12. You're kidding me? They've had so much cash out of me over the years it makes me weep. And it's not even as if great or even good things have been attempted, let alone achieved. My taxes have funded pointless bloody wars, a benefit system that will crucify the economy and the poorest in it, and the vanity projects of vacuous politicians. From now on, I retain ownership of my money. If I want to "do good" (which I do), I do so directly. Every £100 of donation I make to one of our local charities (a hospice, a youth club, a generic village trust) gets spent on doing good as I intended. Not a penny gets diverted to wrecking the economy. Not a penny gets spent on interest or debt. And not a penny is used to kill people.
  13. I've just come back from my almost daily shopping run. A quick internet shop to see what's cheap where, call in at a couple of supermarkets, the greengrocer and some roadside stalls and back home. Actually, it's just an excuse to get out for a couple of hours cycling every day - I doubt I save that much compared with paying for a £1 midday delivery slot from ASDA!
  14. Ditto. Age 45 for me. Towards the end, I was paying more in tax than the sum total of *all other expenses*[1]. What sort of muppet do they take me for? Mrs JTB works - mainly for her sanity rather than cash - and with judicious use of a SIPP, we should be able to get the household income tax bill to zeroish. The status anxiety of the middle classes has always been their Achilles' heel that keeps them enslaved. I doubt that'll change. [1] Admittedly, I live cheap. Which is the only respectable exit strategy, IMO.
  15. justthisbloke

    Ftse 100 Companies Pension Collapse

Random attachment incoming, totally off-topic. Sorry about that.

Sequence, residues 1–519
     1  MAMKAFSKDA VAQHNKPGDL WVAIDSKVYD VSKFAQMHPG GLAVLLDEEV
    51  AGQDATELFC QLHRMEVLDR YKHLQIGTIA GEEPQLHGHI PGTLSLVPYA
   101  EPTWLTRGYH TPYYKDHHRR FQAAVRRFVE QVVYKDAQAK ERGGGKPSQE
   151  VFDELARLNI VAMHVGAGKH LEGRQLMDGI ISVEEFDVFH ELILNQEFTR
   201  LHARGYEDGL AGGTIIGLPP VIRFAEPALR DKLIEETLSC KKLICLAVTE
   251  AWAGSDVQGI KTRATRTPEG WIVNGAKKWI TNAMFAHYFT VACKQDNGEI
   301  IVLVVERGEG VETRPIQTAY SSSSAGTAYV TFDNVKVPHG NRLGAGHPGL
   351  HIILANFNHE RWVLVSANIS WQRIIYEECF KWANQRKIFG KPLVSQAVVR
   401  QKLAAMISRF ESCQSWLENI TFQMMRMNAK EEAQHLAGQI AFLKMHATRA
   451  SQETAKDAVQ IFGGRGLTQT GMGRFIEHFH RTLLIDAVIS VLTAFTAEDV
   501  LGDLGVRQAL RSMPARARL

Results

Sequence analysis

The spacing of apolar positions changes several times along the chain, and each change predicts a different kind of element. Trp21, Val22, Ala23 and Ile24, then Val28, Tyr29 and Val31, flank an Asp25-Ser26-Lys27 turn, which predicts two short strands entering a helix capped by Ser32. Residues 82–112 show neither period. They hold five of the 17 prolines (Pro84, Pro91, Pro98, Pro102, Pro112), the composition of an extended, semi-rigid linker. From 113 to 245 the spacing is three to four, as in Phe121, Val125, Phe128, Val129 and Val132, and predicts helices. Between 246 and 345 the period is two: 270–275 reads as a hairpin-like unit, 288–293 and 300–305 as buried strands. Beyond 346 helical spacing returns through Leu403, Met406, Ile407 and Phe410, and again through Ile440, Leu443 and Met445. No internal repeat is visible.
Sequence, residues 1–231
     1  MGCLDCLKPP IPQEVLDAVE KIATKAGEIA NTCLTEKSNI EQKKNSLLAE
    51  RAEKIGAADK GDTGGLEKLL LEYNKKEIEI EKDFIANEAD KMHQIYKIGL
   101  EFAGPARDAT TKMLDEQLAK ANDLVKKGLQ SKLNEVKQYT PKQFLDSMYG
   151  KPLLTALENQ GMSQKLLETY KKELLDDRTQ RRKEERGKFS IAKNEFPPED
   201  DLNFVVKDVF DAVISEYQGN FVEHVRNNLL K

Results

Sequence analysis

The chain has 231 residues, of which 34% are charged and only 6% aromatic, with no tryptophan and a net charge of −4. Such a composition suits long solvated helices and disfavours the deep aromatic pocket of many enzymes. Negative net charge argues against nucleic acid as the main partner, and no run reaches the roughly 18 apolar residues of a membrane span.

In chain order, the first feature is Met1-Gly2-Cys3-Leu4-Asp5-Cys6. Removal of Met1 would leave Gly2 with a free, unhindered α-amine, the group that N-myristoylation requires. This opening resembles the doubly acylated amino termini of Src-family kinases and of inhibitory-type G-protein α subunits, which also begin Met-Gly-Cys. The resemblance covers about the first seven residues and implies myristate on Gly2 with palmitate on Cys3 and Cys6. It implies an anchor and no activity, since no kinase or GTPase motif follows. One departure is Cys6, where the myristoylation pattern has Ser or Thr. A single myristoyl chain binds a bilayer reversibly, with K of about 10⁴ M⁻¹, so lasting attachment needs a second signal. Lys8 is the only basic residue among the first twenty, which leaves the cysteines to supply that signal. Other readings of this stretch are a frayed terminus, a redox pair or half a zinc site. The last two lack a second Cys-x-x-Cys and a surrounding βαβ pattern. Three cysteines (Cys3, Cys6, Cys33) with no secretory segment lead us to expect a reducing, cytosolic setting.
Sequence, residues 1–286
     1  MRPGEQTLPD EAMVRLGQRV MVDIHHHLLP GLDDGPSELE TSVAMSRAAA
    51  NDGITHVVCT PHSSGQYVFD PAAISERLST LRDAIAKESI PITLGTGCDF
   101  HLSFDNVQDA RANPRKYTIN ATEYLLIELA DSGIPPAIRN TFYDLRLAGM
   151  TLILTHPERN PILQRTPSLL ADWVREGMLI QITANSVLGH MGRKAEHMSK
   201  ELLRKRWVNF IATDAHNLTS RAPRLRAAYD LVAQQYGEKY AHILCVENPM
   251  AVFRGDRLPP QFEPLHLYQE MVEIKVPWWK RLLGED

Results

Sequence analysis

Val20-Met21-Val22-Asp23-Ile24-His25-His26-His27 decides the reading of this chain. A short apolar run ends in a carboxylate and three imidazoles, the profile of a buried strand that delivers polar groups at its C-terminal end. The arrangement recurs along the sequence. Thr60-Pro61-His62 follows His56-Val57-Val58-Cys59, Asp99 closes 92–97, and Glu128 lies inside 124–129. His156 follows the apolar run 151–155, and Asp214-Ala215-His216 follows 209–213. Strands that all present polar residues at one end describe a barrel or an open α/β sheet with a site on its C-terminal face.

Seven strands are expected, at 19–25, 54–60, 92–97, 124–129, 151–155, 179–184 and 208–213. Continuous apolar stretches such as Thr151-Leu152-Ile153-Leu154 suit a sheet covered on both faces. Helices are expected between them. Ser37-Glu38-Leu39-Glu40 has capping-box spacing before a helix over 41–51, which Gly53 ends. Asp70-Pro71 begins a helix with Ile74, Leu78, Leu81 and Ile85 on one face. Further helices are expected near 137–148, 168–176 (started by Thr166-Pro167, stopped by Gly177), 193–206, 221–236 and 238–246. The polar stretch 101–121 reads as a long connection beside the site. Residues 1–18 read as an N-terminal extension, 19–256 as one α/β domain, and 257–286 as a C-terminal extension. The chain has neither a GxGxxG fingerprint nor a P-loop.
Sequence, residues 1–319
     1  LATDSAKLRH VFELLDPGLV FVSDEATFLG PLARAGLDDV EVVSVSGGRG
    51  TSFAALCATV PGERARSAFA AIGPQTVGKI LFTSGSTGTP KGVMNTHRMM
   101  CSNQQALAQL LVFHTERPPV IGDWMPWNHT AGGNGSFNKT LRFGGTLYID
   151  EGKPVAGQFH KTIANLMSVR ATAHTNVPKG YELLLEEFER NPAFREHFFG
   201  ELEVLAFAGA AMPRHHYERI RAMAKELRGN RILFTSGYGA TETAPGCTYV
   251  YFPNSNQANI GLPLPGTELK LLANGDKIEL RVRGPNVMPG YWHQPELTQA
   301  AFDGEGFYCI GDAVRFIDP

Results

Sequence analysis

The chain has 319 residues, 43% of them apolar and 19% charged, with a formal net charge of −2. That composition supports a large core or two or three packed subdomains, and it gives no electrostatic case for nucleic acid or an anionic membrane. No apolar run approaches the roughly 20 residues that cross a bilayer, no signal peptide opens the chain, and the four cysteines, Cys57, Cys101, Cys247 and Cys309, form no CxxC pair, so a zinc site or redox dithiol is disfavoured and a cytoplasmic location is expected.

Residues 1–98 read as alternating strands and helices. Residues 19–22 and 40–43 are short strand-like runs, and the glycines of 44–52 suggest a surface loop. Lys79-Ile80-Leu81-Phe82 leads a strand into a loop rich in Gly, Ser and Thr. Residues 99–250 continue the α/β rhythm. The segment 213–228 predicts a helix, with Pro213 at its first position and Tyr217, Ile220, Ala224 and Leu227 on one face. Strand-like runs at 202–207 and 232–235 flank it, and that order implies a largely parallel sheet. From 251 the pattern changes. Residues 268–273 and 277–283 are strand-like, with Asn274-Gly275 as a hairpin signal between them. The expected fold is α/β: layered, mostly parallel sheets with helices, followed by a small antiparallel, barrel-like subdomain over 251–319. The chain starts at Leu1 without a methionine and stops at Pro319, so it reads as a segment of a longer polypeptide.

Trouble is there are so many unknown unknowns that it's very hard to model - even if you know what you want! Much as I like the diversification of having an income stream that is different to equities, I also like the idea of knowing exactly what I hold. Currently, I'm promised (lets say) £20k pa when I'm 64. Rising with inflation (capped at 5% for the majority of that income, 2.5% for some). Mrs JTB gets 50% of that whenever I snuff it - whether in drawdown or deferment. You know, I'm happy with that. I'm not out to try and max every penny - I'll trade gain for security. But what are those promises worth? If the pension review changes the inflation rates, I lose shedloads - we're 45 ish so are counting on lots of inflation protection even before starting drawdown. Wouldn't prudence suggest taking the capital sum that I can see, hold, monitor, and manage? I'm waiting for the capital sum quote. Every man has his price. But, to be honest, calculating what my price is has proved utterly beyond me. I've read a lot of "wish I could afford one's" blog - he seems like a man at a similar stage in life to myself. IIRC, he's just declared himself FI although he hasn't pulled the trigger on the job yet. I'm slightly ahead of him on that - I've been an unemployed layabout since Christmas. Currently living off divis for basic living costs + Mrs JTB's part time income for the bunce in life.